The deal averted U.S. missile strikes threatened by Washington after an August 21 sarin gas attack killed hundreds of people in the outskirts of the capital.

Syria missed a February 5 deadline to ship all chemicals abroad for destruction and is weeks behind schedule. It has increased the handover of poisonous agents, including a shipment of mustard gas this week, but will not meet a March 30 deadline to neutralize all the chemicals overseas, sources at OPCW said.

That process was already supposed to have started on board the U.S. MV Cape Ray, a cargo ship outfitted with special chemical neutralization equipment. But only a quarter of the so-called priority 1 chemicals, the most dangerous ingredients for chemical weapons, have been relinquished, officials said.


Syria is not taking the deadline for the destruction of production facilities seriously, another source at the OPCW said on Thursday.

"They are not doing things in the timeframe they promised they would," the source said. "The process is in volatile waters."

The latest comments in The Hague, where members of the OPCW are meeting until Friday, came after sharp criticism of the government of Syrian President Bashar al-Assad on Wednesday by the U.S. ambassador to the United Nations, Samantha Powers...


Libya: Missile Strikes Tanker Carrying Illegal Oil Shipment March 11, 2014

A North Korean-flagged oil tanker that left Libya with an illegal oil shipment has been struck by a missile and is on fire, the Libya Herald reported March 11. Authorities gave no details on who fired on the tanker. Libya's parliament voted earlier in the day to remove Prime Minister Ali Zeidan from office because of his failure to stop eastern rebels from exporting the country's oil.


March 7, KXTV 10 Sacramento – (California) FBI bust credit card fraud ring. FBI agents served arrest warrants at two homes and a trucking business in California after two men allegedly ran a payment card fraud scheme through the business and compromised around 23,000 American Express credit cards. A complaint stated that searches discovered over 50 academic reports from the San Juan Unified School District containing personal identifying information.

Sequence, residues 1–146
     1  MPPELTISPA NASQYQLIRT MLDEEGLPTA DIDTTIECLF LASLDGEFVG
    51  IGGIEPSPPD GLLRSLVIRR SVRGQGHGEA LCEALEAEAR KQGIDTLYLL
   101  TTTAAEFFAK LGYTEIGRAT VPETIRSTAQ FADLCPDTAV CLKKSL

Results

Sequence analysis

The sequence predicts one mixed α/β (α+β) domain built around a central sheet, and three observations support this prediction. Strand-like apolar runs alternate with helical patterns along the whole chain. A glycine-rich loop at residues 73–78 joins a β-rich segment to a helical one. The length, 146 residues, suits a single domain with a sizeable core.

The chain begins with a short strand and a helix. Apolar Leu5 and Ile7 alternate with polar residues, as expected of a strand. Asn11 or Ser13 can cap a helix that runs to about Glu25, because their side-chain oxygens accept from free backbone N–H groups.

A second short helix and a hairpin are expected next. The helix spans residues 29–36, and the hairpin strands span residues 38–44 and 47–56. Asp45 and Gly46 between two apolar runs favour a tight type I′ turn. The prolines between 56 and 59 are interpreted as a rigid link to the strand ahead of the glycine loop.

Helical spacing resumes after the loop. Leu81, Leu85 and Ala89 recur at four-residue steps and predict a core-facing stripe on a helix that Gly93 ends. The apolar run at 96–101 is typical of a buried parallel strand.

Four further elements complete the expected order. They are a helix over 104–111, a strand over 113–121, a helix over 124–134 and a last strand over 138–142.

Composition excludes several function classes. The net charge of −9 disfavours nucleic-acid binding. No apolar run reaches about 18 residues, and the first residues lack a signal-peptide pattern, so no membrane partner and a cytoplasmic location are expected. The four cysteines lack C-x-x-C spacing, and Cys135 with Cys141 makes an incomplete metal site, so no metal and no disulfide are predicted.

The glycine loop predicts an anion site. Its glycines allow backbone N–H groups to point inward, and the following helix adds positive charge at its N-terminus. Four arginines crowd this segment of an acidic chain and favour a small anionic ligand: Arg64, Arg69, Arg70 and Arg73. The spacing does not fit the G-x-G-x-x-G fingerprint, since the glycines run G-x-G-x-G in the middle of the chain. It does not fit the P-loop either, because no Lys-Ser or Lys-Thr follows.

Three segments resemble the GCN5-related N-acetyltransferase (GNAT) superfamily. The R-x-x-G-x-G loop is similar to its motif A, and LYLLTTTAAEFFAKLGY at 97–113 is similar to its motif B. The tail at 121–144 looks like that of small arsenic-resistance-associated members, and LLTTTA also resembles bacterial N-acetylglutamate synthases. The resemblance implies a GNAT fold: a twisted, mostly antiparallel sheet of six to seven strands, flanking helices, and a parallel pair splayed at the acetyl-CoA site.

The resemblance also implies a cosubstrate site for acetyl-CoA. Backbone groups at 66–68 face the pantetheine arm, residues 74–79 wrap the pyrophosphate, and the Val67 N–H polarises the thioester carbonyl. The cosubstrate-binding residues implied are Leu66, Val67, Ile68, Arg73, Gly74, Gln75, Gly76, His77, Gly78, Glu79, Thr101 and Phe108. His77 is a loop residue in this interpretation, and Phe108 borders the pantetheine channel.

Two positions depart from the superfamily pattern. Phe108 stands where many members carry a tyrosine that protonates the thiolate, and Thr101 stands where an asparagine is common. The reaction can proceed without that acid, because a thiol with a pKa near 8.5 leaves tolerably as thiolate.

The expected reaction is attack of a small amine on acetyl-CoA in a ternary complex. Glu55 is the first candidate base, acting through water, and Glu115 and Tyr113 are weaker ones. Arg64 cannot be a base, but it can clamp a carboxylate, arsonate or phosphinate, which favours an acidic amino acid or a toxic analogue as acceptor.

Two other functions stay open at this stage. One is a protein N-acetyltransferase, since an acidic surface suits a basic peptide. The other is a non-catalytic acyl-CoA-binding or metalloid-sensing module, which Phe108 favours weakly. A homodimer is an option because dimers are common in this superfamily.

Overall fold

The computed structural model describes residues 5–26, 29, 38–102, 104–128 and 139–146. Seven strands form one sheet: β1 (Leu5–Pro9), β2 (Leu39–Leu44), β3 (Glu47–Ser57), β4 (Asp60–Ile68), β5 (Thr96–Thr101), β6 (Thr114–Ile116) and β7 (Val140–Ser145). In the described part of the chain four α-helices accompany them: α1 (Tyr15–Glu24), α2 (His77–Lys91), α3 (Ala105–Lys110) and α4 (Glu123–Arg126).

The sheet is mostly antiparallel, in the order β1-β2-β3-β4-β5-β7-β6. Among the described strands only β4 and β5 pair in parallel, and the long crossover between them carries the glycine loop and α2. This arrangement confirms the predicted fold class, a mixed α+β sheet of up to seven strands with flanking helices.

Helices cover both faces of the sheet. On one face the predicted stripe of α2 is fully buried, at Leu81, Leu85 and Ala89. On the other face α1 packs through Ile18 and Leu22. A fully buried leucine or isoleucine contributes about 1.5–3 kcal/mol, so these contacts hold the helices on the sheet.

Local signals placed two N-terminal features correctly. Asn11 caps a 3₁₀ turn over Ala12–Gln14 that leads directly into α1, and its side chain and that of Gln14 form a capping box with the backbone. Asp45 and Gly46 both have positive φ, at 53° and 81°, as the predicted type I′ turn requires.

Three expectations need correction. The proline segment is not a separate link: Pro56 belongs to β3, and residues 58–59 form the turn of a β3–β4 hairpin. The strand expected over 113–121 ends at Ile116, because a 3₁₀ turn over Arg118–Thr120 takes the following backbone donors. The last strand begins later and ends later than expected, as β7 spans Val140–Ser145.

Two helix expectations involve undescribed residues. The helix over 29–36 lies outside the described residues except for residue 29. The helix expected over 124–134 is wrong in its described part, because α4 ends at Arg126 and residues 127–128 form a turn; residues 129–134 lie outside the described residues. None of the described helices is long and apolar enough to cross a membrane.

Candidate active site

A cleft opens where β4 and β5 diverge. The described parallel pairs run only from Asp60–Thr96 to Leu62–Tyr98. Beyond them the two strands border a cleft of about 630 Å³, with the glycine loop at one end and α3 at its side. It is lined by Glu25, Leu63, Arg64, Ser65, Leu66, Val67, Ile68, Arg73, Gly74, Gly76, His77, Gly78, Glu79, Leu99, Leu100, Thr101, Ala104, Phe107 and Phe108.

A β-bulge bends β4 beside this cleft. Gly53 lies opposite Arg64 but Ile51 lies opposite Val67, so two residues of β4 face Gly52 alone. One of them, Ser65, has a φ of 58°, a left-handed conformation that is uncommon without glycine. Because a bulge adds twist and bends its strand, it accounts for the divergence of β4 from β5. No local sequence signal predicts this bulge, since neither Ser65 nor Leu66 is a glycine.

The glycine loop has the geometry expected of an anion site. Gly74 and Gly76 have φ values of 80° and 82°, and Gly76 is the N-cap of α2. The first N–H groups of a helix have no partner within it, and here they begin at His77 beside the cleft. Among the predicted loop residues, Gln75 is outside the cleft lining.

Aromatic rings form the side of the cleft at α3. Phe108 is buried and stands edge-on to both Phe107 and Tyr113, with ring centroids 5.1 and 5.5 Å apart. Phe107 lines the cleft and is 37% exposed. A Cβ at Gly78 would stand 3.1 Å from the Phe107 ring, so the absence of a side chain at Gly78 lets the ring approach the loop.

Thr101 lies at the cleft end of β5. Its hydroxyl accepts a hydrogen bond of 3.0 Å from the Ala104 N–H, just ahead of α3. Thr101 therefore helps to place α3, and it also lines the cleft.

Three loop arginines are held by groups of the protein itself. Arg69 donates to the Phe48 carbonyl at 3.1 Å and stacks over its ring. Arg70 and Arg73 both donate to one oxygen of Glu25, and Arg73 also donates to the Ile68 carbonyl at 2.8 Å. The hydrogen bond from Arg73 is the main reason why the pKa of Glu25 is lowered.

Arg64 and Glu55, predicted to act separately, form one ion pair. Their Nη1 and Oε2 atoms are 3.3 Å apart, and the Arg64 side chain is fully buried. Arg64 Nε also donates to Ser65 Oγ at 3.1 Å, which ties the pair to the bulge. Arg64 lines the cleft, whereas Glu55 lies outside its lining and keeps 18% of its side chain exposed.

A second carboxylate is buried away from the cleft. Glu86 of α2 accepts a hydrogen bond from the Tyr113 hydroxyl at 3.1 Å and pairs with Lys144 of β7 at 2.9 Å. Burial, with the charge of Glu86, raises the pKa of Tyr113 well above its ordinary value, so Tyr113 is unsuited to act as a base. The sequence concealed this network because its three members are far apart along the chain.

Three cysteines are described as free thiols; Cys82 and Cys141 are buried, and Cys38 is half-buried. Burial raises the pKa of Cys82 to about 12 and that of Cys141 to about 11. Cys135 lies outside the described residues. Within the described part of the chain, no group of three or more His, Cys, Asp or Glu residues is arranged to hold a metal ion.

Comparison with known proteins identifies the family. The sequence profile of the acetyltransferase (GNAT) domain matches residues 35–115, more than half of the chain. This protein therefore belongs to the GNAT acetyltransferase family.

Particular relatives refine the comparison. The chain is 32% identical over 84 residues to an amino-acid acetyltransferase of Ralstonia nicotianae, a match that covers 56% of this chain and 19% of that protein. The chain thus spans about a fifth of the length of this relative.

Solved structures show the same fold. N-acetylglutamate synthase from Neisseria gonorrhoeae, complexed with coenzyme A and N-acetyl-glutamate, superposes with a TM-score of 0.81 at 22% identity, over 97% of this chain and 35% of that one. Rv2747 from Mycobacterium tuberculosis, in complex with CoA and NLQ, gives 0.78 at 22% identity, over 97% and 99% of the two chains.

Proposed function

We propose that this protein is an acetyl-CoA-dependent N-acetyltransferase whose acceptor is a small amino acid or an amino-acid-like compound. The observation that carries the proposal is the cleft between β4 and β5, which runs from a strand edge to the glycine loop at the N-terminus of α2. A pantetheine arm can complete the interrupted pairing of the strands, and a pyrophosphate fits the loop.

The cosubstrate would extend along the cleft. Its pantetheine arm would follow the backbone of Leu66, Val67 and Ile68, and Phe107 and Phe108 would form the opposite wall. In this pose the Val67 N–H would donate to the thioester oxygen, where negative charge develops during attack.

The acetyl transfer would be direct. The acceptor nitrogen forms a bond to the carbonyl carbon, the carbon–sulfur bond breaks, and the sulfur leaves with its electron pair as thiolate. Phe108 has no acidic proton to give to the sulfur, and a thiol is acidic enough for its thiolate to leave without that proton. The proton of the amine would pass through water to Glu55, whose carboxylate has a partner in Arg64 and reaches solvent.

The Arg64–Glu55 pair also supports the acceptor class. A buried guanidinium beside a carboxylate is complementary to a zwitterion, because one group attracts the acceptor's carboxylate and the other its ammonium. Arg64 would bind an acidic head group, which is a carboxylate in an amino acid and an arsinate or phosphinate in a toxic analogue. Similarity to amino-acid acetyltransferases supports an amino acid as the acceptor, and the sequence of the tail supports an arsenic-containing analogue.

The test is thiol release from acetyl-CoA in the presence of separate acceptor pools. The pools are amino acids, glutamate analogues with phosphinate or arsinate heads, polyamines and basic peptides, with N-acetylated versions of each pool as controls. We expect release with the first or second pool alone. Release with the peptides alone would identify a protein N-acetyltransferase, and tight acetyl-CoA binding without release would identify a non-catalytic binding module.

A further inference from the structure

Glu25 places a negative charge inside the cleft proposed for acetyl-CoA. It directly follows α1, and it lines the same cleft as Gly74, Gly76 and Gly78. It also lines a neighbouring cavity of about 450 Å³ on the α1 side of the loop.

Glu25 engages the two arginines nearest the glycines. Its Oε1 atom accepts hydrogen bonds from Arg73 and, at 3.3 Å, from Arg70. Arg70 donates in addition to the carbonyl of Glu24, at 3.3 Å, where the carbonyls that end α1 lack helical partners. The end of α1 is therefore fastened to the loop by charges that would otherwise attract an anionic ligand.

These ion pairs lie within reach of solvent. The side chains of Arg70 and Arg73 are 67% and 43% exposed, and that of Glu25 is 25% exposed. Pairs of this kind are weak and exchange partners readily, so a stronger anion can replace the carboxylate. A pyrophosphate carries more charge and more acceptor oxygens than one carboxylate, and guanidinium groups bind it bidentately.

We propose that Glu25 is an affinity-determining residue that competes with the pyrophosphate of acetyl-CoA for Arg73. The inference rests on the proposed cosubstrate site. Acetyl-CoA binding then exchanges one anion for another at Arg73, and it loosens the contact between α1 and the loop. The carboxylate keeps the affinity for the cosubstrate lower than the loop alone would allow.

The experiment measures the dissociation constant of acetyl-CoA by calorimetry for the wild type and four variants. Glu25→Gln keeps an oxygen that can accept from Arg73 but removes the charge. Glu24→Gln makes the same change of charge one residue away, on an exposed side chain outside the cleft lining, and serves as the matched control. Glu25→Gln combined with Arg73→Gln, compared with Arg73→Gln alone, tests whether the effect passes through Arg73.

Officer Down

Detective John Hobbs
Phoenix Arizona Police Department
End of Watch: Monday, March 3, 2014
Age: 43
Tour: 21 years
Badge # 5624

Detective John Hobbs was shot and killed as he and other members of the Fugitive Apprehension Team attempted to serve a felony warrant on a man who had recently been released from prison.

The subject fled in a vehicle and was pursued by the detectives until crashing at the intersection of 43rd Avenue and Bethany Home Road. The subject then fled on foot. He opened fire on the detectives as they pursued him, striking Detective Hobbs and a second detective. Despite being mortally wounded, Detective Hobbs was able to return fire and fatally shot the subject.

Both wounded detectives were transported to St. Joseph's Hospital in critical condition. Detective Hobbs succumbed to his wounds at the hospital.

Detective Hobbs had served with the Phoenix Police Department for 21 years. He is survived by his wife and three children.
Rest in Peace Bro…We Got The Watch

Day is done, Gone the sun, From the lake, From the hills, From the sky. All is well, Safely rest, God is nigh. 

Monday, March 10, 2014

Fido got transferred.....

Great weekend, celebrated the first of many anniversaries with my beautiful Beth and hope you have a great week!

Sunday, March 9, 2014

Another classic example of why print media is dead...

It was not so long ago this was not the case and we were the worse for it. A classic example of this is the quote of William Randolph Hearst saying to his reporter in Cuba, when informed there was no conflict, cabled "You furnish the pictures. I'll furnish the war."

A more modern example of this came in 2004, when Dan Rather, a yellow journalist if there ever was, attempted to derail the reelection of George Bush by bringing up 30 year old allegations that the then Texas Air Guard lieutenant didn't go to his drill's one time. Oh, what a scandal.

Well a more classic example of this comes from the San Francisco Chronicle, by way of this morning's Houston Chronicle. Basically the same, owned by Hearst publishing.

The article was a review of HRC, the recently released bio of the Mrs. Bill Clinton. Most of it was tripe, but I found this part somewhat interesting:

...The book begins with Clinton and her team’s response to defeat in the bitter 2008 presidential primary against the junior senator from Illinois, Barack Obama. It describes the process of her erstwhile campaign aides meticulously rating Democratic members of Congress on their helpfulness in the race, on a scale from one to seven. There was, Allen and Parnes wrote, “a special circle of Clinton hell” for those who stayed on the sidelines or endorsed Obama after the Clintons had helped them raise money, attain a political appointment or get their kid into an elite school.

Yet her us-versus-them approach to patronage and retribution was accompanied by equally old-school graciousness: Clinton made a point of sending 16,000 personalized thank-you notes in the summer of 2008....